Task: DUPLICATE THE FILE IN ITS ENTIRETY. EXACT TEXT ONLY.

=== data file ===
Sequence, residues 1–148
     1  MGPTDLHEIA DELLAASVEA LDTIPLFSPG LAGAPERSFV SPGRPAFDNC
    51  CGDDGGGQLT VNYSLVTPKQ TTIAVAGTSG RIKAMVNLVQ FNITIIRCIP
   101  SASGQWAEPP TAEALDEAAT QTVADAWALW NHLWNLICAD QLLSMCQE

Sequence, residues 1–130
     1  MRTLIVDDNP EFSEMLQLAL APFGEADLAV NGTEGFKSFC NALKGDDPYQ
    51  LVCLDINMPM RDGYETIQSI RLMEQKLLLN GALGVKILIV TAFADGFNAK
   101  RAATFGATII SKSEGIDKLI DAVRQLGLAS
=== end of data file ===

Sequence, residues 1–148
     1  MGPTDLHEIA DELLAASVEA LDTIPLFSPG LAGAPERSFV SPGRPAFDNC
    51  CGDDGGGQLT VNYSLVTPKQ TTIAVAGTSG RIKAMVNLVQ FNITIIRCIP
   101  SASGQWAEPP TAEALDEAAT QTVADAWALW NHLWNLICAD QLLSMCQE

Sequence, residues 1–130
     1  MRTLIVDDNP EFSEMLQLAL APFGEADLAV NGTEGFKSFC NALKGDDPYQ
    51  LVCLDINMPM RDGYETIQSI RLMEQKLLLN GALGVKILIV TAFADGFNAK
   101  RAATFGATII SKSEGIDKLI DAVRQLGLAS